John F Keaney

University of Massachusetts Medical School, Worcester, Massachusetts, United States

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Publications (135)1231.47 Total impact

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    ABSTRACT: MicroRNAs (miRNAs) are associated with cardiovascular disease (CVD), control gene expression, and are detectable in the circulation.
    Heart rhythm: the official journal of the Heart Rhythm Society 09/2014; · 4.56 Impact Factor
  • New England Journal of Medicine 05/2014; 370(20):1957. · 54.42 Impact Factor
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    ABSTRACT: Whereas endogenous carbon monoxide (CO) is cytoprotective at physiologic levels, excess CO concentrations are associated with cardiometabolic risk and may represent an important marker of progression from subclinical to clinical cardiovascular disease (CVD). In 1926 participants of the Framingham Offspring Study (aged 57 ± 10 years, 46% women), we investigated the relationship of exhaled CO, a surrogate of blood CO concentration, with both prevalent subclinical CVD and incident clinical CVD events. Presence of subclinical CVD was determined using a comprehensive panel of diagnostic tests used to assess cardiac and vascular structure and function. Individuals with the highest (>5 p.p.m.) compared with lowest (≤4 p.p.m.) CO exposure were more likely to have subclinical CVD [odds ratios (OR): 1.67, 95% CI: 1.32-2.12; P < 0.001]. During the follow-up period (mean 5 ± 3 years), 193 individuals developed overt CVD. Individuals with both high CO levels and any baseline subclinical CVD developed overt CVD at an almost four-fold higher rate compared with those with low CO levels and no subclinical disease (22.1 vs. 6.3%). Notably, elevated CO was associated with incident CVD in the presence [hazards ration (HR): 1.83, 95% CI: 1.08-3.11; P = 0.026] but not in the absence (HR: 0.80, 95% CI: 0.42-1.53; P = 0.51) of subclinical CVD (Pinteraction = 0.019). Similarly, subclinical CVD was associated with incident CVD in the presence of high but not low CO exposure. Our findings in a community-based sample suggest that elevated CO is a marker of greater subclinical CVD burden and, furthermore, a potential key component in the progression from subclinical to clinical CVD.
    European Heart Journal 02/2014; · 14.72 Impact Factor
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    ABSTRACT: Sirtuin 3 (SIRT3), an important regulator of energy metabolism and lipid oxidation, is induced in fasted liver mitochondria and implicated in metabolic syndrome. In fasted liver, SIRT3-mediated increases in substrate flux depend on oxidative phosphorylation (OXPHOS), but precisely how OXPHOS meets the challenge of increased substrate oxidation in fasted liver remains unclear. Here, we show that liver mitochondria in fasting mice adapt to the demand of increased substrate oxidation by increasing their OXPHOS efficiency. In response to cAMP signaling, SIRT3 deacetylated and activated leucine-rich protein 130 (LRP130; official symbol, LRPPRC), promoting a mitochondrial transcriptional program that enhanced hepatic OXPHOS. Using mass spectrometry, we identified SIRT3-regulated lysine residues in LRP130 that generated a lysine-to-arginine (KR) mutant of LRP130 that mimics deacetylated protein. Compared with wild-type LRP130 protein, expression of the KR mutant increased mitochondrial transcription and OXPHOS in vitro. Indeed, even when SIRT3 activity was abolished, activation of mitochondrial transcription and OXPHOS by the KR mutant remained robust, further highlighting the contribution of LRP130 deacetylation to increased OXPHOS in fasted liver. These data establish a link between nutrient sensing and mitochondrial transcription that regulates OXPHOS in fasted liver and may explain how fasted liver adapts to increased substrate oxidation.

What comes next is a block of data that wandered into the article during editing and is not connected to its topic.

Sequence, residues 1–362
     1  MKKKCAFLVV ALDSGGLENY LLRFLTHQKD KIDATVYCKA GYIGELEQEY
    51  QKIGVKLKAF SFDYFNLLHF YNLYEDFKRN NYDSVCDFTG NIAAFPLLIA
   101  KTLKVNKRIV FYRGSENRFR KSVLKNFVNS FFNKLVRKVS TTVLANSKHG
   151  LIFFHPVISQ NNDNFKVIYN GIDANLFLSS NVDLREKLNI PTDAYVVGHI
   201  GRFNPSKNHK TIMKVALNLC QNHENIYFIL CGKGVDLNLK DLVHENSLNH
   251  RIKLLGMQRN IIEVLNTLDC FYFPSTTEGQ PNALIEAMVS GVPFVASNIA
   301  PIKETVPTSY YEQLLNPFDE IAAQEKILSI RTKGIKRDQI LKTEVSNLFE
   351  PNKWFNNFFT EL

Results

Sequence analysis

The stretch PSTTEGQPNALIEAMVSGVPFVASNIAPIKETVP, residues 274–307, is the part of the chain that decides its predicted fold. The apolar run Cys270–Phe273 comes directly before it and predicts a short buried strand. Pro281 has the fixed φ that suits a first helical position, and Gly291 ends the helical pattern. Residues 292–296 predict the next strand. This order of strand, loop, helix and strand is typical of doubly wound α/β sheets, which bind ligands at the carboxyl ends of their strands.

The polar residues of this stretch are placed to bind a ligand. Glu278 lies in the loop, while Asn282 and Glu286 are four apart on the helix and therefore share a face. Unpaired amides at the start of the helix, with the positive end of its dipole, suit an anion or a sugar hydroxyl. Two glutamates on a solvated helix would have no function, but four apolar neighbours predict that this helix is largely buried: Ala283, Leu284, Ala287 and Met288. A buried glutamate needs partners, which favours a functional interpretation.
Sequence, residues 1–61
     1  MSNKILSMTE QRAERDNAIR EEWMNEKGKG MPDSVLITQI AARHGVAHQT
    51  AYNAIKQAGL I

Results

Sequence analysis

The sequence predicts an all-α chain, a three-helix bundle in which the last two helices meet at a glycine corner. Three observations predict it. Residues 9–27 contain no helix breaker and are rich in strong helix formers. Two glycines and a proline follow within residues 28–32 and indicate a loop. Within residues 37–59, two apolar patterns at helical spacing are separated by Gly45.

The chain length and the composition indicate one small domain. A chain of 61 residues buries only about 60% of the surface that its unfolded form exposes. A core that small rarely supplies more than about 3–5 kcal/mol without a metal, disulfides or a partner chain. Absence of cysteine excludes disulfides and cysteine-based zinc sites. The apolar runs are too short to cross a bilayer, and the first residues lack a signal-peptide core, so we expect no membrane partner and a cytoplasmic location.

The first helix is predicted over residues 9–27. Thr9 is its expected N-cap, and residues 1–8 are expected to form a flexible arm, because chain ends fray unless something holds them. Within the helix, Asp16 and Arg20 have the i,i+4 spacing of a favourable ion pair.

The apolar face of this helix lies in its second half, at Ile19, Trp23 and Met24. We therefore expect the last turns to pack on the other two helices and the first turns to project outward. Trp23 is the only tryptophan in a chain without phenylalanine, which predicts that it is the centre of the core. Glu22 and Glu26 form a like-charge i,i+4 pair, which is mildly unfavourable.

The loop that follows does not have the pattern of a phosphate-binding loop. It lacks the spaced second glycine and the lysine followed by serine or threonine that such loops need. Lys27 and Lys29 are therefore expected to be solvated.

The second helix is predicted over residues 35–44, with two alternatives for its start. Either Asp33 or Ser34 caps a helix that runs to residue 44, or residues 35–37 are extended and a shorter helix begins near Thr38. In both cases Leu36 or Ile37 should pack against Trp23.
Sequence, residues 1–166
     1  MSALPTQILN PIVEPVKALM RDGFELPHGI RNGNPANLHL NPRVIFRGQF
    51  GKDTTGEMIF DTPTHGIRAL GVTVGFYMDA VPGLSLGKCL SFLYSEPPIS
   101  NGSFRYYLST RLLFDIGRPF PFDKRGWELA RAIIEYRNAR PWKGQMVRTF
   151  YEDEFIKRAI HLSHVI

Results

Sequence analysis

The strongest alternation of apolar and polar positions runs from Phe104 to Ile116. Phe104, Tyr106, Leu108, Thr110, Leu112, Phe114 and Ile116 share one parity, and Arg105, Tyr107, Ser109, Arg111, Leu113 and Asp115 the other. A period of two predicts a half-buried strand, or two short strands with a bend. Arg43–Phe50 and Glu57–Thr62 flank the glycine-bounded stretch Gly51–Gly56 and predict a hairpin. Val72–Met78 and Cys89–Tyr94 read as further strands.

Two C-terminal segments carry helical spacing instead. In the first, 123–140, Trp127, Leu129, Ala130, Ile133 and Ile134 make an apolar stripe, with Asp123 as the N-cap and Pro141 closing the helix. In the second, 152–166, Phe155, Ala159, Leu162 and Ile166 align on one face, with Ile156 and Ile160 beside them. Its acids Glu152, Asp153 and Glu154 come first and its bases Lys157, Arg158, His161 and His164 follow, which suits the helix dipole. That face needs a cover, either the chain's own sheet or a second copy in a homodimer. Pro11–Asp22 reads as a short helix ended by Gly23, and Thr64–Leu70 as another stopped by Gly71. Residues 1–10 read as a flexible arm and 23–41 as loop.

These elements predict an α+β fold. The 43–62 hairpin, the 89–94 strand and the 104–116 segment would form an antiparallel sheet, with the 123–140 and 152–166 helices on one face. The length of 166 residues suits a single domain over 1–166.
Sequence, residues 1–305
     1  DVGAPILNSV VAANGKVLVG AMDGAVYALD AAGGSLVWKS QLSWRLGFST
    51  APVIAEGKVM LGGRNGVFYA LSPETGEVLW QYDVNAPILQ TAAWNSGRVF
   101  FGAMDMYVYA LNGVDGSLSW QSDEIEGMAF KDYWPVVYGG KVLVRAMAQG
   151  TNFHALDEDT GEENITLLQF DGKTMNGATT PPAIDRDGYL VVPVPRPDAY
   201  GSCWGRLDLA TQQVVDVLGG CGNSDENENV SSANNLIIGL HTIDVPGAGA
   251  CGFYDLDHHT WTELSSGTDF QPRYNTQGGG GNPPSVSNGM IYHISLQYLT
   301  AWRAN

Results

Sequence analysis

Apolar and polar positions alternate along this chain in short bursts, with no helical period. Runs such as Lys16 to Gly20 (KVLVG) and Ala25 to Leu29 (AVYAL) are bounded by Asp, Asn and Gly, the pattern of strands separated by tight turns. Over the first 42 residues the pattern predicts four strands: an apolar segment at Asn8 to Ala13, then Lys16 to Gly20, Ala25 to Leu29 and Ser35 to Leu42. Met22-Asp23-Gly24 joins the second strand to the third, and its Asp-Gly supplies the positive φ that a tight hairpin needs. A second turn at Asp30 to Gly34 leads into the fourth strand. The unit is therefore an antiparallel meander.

The Journal of clinical investigation 01/2014; · 15.39 Impact Factor
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    ABSTRACT: On November 12, 2013, updated guidelines for the treatment of high blood cholesterol levels were released by the American College of Cardiology-American Heart Association (ACC-AHA) Task Force on Practice Guidelines.(1) This update represents the first major guideline revision since the National Cholesterol Education Program released its Adult Treatment Panel III report in 2002.(2) The previous guidelines were widely accepted and applied with relative consistency. In contrast, the new guidelines have already been the subject of controversy, with some observers arguing that some elements of the recommendations are not evidence-based.(3) Nevertheless, these recommendations may have a major effect on the clinical . . .
    New England Journal of Medicine 11/2013; · 54.42 Impact Factor
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    ABSTRACT: Differences in plasma and whole blood expression microRNAs (miRNAs) in patients with an acute coronary syndrome (ACS) have been determined in both in vitro and in vivo studies. Although most circulating miRNAs are located in the cellular components of whole blood, little is known about the miRNA profiles of whole blood subcomponents, including plasma, platelets and leukocytes in patients with myocardial ischemia. Thirteen patients with a ST-segment-elevation (STEMI) or non-ST-segment elevation (NSTEMI) myocardial infarction were identified in the University of Massachusetts Medical Center Emergency Department (ED) or cardiac catheterization laboratory between February and June of 2012. Whole blood was obtained from arterial blood samples at the time of cardiac catheterization and cell-specific miRNA profiling was performed. Expression of 343 miRNAs was quantified from whole blood, plasma, platelets, and peripheral blood mononuclear cells using a high-throughput, quantitative Real-Time polymerase-chain reaction system (qRT-PCR). MiRNAs associated with STEMI as compared to NSTEMI patients included miR-25-3p, miR-221-3p, and miR-374b-5p. MiRNA 30d-5p was associated with plasma, platelets, and leukocytes in both STEMI and NSTEMI patients; miRNAs 221-3p and 483-5p were correlated with plasma and platelets only in NSTEMI patients. Cell-specific miRNA profiles differed between patients with STEMI and NSTEMI. The miRNA distribution is also unique amongst plasma, platelets, and leukocytes in patients with ischemic heart disease or ACS. Our findings suggest unique miRNA profiles among the circulating subcomponents in patients presenting with myocardial ischemia.